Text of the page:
McGuinty strikes deal with Catholic school teachers
Ontario Education Minister Laurel Broten addresses a news conference in Toronto, Monday, April 9, 2012. With contracts expiring in August, Broten appealed to elementary school teachers to return to a provincial discussion table to help set the framework for negotiations. (Colin Perkel / THE CANADIAN PRESS)
Published Thursday, July 5, 2012 10:57AM EDT
Last Updated Thursday, July 5, 2012 8:41PM EDT
The ruling Ontario Liberals struck a deal with the Ontario English Catholic Teachers Association Thursday, averting a potential labour disruption in the new school year.
The agreement may be the first step for the Liberals towards slaying a $15-billion deficit.
The union representing the teachers agreed to a two-year wage freeze and three unpaid “professional development days” in the second year of the contract.
Government officials say the unpaid professional development days amount to a 1.5-per-cent pay cut. The same will apply to principals and vice-principals.
The union is the first one to break ranks with other teachers’ unions which have refused to negotiate with the government, which has called for a wage freeze.
Union president Kevin O’Dwyer said the deal strikes the right balance between fiscal responsibility and fair compensation.
"We have reached an agreement that is fair and reasonable, that acknowledges the fiscal challenges that are facing this province, and ensures that everyone -- from the director of education down to the first-year teacher -- shares in these fiscal restraints," O'Dwyer said.
O’Dwyer also said that families can rest assured that classes will resume this fall.
“They can predict this summer that this fall they’ll have uninterrupted class and instruction. I think that’s good for Ontario, for students and parents and it’s also good for our members,” he said.
Under the new agreement, teachers will no longer be allowed to bank sick days. Also, the number of sick days they will be granted a year will be cut from 20 to 10.
But the sick days that have already been collected and banked will be protected, meaning that teachers may still cash them out when they retire.
O’Dwyer said that there are 10 professional development days a year that teachers are obligated to show up to work for. However, under the new agreement the province has agreed to let teachers take the three unpaid days off.
The government also wants to freeze the pay grid for teachers, so that no one gets a raise because of seniority or improved credentials.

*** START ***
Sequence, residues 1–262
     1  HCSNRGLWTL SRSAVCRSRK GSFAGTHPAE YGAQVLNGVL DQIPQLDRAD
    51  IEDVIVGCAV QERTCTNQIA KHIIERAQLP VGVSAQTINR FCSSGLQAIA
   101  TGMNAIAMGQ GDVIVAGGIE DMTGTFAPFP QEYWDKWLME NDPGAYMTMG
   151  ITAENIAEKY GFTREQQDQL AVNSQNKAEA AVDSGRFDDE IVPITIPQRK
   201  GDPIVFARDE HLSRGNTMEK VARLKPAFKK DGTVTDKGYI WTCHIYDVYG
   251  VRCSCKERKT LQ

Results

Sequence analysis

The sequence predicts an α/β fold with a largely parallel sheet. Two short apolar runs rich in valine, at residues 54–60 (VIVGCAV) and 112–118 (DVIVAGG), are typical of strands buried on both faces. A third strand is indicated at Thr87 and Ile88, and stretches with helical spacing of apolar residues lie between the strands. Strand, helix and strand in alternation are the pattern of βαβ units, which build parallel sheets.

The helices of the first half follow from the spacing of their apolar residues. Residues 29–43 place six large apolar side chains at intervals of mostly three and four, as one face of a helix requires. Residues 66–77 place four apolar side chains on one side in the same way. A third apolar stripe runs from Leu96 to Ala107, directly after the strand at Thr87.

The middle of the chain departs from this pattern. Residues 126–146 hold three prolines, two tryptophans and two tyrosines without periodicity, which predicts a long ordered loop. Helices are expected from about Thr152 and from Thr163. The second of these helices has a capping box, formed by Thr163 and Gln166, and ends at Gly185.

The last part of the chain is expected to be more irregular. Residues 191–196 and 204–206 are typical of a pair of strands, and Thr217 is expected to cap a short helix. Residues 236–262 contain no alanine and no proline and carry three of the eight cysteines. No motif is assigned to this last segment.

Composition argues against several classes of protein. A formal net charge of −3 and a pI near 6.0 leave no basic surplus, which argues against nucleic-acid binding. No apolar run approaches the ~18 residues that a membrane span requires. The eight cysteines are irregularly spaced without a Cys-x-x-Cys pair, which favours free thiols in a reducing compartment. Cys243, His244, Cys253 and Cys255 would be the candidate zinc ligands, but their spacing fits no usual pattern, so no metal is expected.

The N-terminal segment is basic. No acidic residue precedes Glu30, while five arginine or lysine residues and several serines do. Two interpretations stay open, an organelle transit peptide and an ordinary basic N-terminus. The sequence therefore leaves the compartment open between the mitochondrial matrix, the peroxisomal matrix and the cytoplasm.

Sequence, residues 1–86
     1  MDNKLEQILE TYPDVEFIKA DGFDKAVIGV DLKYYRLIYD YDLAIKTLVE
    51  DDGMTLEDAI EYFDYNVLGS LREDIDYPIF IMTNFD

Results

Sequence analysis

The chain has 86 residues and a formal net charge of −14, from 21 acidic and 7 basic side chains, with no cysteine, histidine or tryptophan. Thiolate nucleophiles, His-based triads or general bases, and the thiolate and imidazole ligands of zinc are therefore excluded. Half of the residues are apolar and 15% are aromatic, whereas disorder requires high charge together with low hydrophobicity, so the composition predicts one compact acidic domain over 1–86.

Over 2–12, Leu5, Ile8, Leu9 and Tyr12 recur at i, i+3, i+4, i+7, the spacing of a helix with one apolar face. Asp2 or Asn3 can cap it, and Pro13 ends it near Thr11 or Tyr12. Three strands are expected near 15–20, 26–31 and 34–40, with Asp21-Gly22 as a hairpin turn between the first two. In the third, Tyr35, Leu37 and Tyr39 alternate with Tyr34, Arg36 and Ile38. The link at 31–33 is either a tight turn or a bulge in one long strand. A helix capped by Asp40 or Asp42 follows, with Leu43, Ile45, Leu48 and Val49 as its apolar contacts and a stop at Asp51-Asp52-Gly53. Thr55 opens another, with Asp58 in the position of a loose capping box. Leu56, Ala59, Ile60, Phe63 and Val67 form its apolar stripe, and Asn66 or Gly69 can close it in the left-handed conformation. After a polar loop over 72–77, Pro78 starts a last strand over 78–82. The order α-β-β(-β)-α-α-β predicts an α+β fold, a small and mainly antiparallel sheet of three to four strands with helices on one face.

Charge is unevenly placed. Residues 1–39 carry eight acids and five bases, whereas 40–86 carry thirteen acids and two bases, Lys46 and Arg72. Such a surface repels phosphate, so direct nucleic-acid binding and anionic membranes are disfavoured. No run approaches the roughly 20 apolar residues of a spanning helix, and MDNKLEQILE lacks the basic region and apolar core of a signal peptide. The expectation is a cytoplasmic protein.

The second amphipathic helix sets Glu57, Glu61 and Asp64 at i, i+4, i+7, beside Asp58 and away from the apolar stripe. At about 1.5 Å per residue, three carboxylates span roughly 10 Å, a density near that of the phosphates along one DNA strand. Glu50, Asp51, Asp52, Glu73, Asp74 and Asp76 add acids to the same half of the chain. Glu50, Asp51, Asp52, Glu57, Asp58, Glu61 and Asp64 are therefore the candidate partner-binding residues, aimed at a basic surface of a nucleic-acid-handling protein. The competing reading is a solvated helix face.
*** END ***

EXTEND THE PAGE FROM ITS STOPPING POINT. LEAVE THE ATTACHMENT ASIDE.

But by agreeing to the three unpaid days, the union avoided the proposed salary freeze, allowing younger teachers to continue to move up the pay scale, said O’Dwyer.
Currently, an Ontario teacher’s starting salary ranges between $41,766 to $44,292.
Elementary school teachers can make up to $92,813 and high school teachers can make up to $94,942 depending on years of service and education level.
Thursday’s deal may have a significant impact on the negotiations with the other unions.
The Elementary Teachers Federation of Ontario, the most vocal opponent of the Liberal’s wage freeze demands, wouldn't comment on Thursday’s deal.
But the union, which represents 76,000 education workers, is holding a joint news conference on Friday with three other unions representing teachers and other education workers.
In the past ETFO has called the government’s demands “insulting” and walked away from voluntary discussions with the province after just one hour.
O’Dwyer said OECTA isn’t breaking ranks with the other unions and that each union has an opportunity to negotiate for themselves.
"Some left early in the process, some left later in the process," he said.
"But frankly, I'm going to respect that they did what they felt was best for their members. We did the same thing," he added.
Education Minister Laurel Broten said the deal with OECTA will serve as a “road map” for bargaining with all the other unions and urged them to step back to the bargaining table over the summer.
"Many people thought that this day would never come, that we would never agree, that we were too far apart," she said. "But this agreement demonstrates the value of partnership."
But New Democrat Gilles Bisson said that Thursday’s deal doesn’t set an automatic precedent for the other unions.
"Each union is different, they have different issues, so the government should not take this as a victory lap and flaunt it as a pattern for what's going to happen with the other unions," said Bisson.
Progressive Conservative education critic Lisa MacLeod said the agreement is far from a victory and that she doubts whether the deal will actually result in savings.
"I'm not sure necessarily that this is going to save us any money or prevent any labour disruptions," she said.
MacLeod said the Ontario Catholic School Trustees Association, which left the negotiating table Wednesday night, was upset to learn that a deal had been reached behind its back.
In an email obtained by the Tories, OCSTA said it left the talks because there remained "significant" issues that it couldn't accept.
"We are dismayed at the dangerous precedent this agreement sets as to how this government interprets its commitment to its educational partners and labour relations more broadly," the email said.
OCSTA said it was never informed that there was a deal in the works between OECTA and the government.
“We are firmly opposed to any agreement made without our boards involved," they said.
Thursday’s deal is just one of many that the Liberals are trying to broker with the other teachers’ unions to save some $250 million in 2013, as well as a one-time savings of $1.4 billion.
The Liberals have threatened to legislate a wage freeze if agreements cannot be made.
With files from The Canadian Press